“Let me guess ladies??? You feel unfit, unattractive, self conscious and worthless… especially when standing in front of the mirror naked.”
That’s the beginning of a recent social post by independent gym, HTFU Fitness Adelaide, which has sparked accusations of sexism and fat shaming from several followers.
Shared to the company’s Facebook and Instagram accounts this week, the post reads: “You feel embarrassed and ashamed getting naked in front of your partner… You’re sick and tired of picking outfits that hide your fat. And you want to feel comfortable in your own skin, wear your favourite outfits, feel fit, confident, attractive and sexy.
“But there’s a problem. You’re too afraid to join a gym because you’re too embarrassed, ashamed, self conscious, worried about being judged and most of all, you’re just too nervous to commit.
“But that stops now. We understand you.”
The post was met with several comments accusing the company of demonising larger bodies and perpetuating the myth that only thin people can be fit or happy.
“‘Worthless? Ashamed? Unattractive?’ What a disgusting way to advertise to women,” one wrote. “You should be ashamed.”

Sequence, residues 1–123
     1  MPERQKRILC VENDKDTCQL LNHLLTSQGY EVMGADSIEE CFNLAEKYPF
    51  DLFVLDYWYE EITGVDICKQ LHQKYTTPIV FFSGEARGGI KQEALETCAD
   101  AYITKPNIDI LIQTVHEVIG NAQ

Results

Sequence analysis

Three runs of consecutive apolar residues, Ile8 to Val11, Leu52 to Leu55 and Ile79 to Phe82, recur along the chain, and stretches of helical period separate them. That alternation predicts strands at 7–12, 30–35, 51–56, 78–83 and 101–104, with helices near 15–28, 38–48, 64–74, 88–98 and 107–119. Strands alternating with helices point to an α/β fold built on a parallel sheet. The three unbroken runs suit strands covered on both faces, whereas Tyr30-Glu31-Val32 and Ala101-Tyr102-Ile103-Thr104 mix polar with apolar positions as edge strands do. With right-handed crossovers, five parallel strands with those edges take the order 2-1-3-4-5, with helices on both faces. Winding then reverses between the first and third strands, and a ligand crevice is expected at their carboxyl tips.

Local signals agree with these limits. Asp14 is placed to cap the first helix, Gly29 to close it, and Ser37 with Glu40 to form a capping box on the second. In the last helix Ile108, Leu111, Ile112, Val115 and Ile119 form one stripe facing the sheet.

“I can tell you I do feel embarrassed, ashamed and self-conscious all the time. And having posts like this pop up in my feed definitely don’t make me feel better about myself,” added another. “The idea that a business would deliberately, and proudly, use those feelings to try and drive up the number of people who attend their gym is disgusting.”
Another offered a few suggestions for improvement: “You can start by NOT calling women ‘worthless’ because of their weight. You can then come to the realisation that MANY MANY WOMEN are happy at various weights, and don’t ‘pick outfits to hide their fat’. They’re not ashamed, they’re just living their damn lives without wanting your judgement.”
Clinical psychologist Louise Adams, body image specialist and founder of UNTRAPPED, told Mamamia that while HTFU Fitness Adelaide may “have some inkling” of how some women are feeling about their shape or size, their proposed ‘fix’ is highly problematic.
“[HTFU Fitness Adelaide] is perpetuating the idea that we all need to look a certain way in order to feel OK, and that’s horrendous,” she said.
“There’s no doubt that many humans, including many women, feel bad about their bodies; there’s no disputing that. But the solution isn’t to change our bodies to fit the ideal. That’s where [this gym] gets it wrong.”
Adams’ holds that dealing with negative body image takes a series of behavioural, emotional and psychological strategies, which can prove effective regardless of size.
“Changing the shape of your body changes nothing about your body image,” Adams said. “People of all shapes and sizes dislike their bodies, so playing on the idea that changing your body will give you a body that you’ll like is just not true.”